WASHINGTON (CN) - President Barack Obama announced new initiatives on Tuesday aimed at curbing gun violence in the wake of a series of mass shootings across the country.
Speaking from the East Room of the White House Tuesday morning, the president announced efforts to close loopholes in background checks, pump up federal funding for people seeking mental health care and to invest in gun safety technology.
Joining Obama in the announcement were former Rep. Gabrielle Giffords, who was shot during a meeting with constituents in Tucson, Arizona in 2011, Vice President Joe Biden and Mark Barden, the father of a victim of the school shooting in Newtown, Conn., in December 2012.
Also flanking the president during the speech were 13 victims of gun violence, family members or first responders. Barden, whose son Daniel was killed in the Sandy Hook Elementary shooting, introduced Obama.
"The truth is that every gun related death is preventable, and we need your help," Barden said before the president took the podium. "We need everybody engaged in this."
Obama opened his remarks by listing the mass shootings about which he has addressed the nation during his time in office. He specifically mentioned the shooting at Sandy Hook Elementary in Newtown Conn., the theater shooting in Aurora, Colo. in 2012, and the shooting at a historically black church in Charleston, S.C. last year.
He teared up after mentioning the first graders gunned down in Newtown, and again before acknowledging the rash of violence on the streets of his hometown Chicago.
"Every time I think about those kids, it gets me mad," the president said as tears rolled down his face.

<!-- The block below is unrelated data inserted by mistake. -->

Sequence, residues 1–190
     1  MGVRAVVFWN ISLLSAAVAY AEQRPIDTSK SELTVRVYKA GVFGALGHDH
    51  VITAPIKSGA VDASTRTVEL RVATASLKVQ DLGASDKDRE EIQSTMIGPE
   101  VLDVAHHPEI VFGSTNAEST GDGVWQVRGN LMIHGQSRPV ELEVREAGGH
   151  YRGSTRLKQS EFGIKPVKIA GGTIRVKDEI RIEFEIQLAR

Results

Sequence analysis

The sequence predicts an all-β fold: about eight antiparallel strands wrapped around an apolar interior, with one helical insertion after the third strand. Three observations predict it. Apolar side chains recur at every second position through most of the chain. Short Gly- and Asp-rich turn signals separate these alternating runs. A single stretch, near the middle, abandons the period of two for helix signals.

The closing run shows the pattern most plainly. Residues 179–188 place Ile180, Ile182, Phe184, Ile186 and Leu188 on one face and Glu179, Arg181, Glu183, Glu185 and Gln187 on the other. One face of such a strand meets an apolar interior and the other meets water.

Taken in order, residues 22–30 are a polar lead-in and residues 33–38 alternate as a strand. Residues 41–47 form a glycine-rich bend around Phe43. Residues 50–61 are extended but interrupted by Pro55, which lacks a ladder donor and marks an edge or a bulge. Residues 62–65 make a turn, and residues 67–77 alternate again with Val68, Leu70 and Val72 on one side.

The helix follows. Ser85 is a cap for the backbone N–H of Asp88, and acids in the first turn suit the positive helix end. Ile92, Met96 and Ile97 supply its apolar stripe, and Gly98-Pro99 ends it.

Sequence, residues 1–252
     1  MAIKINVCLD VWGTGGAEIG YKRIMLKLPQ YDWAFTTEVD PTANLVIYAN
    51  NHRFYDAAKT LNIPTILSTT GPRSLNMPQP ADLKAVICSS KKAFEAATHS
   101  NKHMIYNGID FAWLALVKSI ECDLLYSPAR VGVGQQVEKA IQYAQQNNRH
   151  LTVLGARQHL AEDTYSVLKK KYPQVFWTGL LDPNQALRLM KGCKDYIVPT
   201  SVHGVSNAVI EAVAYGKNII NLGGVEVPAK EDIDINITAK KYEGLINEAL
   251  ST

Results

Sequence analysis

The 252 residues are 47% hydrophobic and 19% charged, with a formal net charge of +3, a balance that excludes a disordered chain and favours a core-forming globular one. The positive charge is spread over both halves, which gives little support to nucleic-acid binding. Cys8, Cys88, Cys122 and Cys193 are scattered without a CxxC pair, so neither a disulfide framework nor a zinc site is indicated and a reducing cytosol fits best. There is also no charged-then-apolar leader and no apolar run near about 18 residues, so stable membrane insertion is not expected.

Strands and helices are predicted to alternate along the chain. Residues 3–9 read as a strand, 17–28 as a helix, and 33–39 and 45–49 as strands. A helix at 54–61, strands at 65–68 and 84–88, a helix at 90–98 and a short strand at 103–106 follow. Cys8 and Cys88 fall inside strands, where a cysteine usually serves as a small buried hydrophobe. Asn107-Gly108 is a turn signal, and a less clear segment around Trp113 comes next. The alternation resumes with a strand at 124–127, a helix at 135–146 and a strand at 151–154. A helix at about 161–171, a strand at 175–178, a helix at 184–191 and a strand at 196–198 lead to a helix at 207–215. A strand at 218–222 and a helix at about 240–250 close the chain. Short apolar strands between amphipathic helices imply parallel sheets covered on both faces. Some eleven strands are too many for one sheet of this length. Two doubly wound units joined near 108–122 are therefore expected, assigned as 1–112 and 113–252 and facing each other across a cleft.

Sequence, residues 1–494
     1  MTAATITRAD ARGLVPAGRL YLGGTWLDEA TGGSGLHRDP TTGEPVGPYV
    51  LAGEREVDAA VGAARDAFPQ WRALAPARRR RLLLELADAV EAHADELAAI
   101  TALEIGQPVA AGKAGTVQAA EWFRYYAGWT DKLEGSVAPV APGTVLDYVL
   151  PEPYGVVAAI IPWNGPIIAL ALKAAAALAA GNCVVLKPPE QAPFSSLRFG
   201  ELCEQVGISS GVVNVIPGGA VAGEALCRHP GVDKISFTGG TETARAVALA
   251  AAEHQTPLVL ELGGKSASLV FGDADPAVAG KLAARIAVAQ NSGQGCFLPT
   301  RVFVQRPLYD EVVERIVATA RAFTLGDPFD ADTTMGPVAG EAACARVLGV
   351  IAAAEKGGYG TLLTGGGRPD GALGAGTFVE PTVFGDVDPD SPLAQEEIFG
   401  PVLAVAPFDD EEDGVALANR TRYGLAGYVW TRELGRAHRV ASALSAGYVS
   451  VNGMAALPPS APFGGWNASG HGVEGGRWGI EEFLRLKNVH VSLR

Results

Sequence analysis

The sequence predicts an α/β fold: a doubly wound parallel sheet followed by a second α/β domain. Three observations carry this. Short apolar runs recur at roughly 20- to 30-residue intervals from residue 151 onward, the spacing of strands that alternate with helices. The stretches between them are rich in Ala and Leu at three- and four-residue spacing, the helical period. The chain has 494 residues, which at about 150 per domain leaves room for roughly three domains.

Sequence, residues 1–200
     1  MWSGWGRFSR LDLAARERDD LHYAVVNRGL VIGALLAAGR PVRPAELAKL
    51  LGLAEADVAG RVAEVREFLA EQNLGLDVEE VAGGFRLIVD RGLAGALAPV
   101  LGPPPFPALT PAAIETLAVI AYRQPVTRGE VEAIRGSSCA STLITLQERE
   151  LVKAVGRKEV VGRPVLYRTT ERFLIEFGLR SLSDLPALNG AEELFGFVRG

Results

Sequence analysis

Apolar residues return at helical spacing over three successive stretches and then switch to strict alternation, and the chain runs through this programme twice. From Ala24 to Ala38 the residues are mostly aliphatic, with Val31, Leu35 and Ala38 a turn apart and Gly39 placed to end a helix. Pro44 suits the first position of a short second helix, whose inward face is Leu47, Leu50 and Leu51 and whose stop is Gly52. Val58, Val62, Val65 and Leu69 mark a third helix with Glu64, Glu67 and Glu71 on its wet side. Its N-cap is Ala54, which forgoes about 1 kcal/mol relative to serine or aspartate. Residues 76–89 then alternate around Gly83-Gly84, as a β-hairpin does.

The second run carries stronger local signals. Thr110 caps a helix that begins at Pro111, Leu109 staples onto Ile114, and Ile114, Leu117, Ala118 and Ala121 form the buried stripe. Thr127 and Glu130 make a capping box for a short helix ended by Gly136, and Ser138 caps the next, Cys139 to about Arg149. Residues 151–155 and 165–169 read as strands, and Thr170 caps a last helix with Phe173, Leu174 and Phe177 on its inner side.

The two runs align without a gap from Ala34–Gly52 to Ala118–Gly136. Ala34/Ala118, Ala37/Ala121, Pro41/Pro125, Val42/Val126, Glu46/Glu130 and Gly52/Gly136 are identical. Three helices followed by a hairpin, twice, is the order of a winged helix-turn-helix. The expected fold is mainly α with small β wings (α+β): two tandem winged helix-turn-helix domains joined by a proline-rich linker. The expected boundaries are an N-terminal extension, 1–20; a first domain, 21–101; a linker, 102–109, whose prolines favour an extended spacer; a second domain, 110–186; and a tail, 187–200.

He invoked a range of political figures, from Martin Luther King Jr., to former presidents George W. Bush to Ronald Reagan in urging Americans to feel urgency on the issue of gun control.
"Hundreds of thousands of Americans have lost brothers and sisters or buried their own children," Obama said. "Many have had to learn to live with a disability, or learn to live without the love of their life."
The executive action the president announced today would force virtually anyone who sells guns, whether at a traditional store, a gun show or online, to conduct background checks.
The president said it was unfair that "dangerous people" seeking to buy guns have an easier time doing so than lawful gun owners.
In the past, criminals could circumvent background checks by simply buying their guns online or at a gun show, the president said.
"The problem is some gun sellers have been operating under a different set of rules," he said. "A violent felon can buy the exact same weapon over the Internet with no background check, no questions asked."
The regulations would also allow the FBI to hire 230 more examiners to help speed along background checks as well as 200 additional agents for the Bureau of Alcohol, Tobacco and Firearms to enforce gun laws.
"And the constant excuses for inaction no longer do, no longer suffice," the president said. "That's why we are here today, not to debate the last mass shooting but to prevent the next one."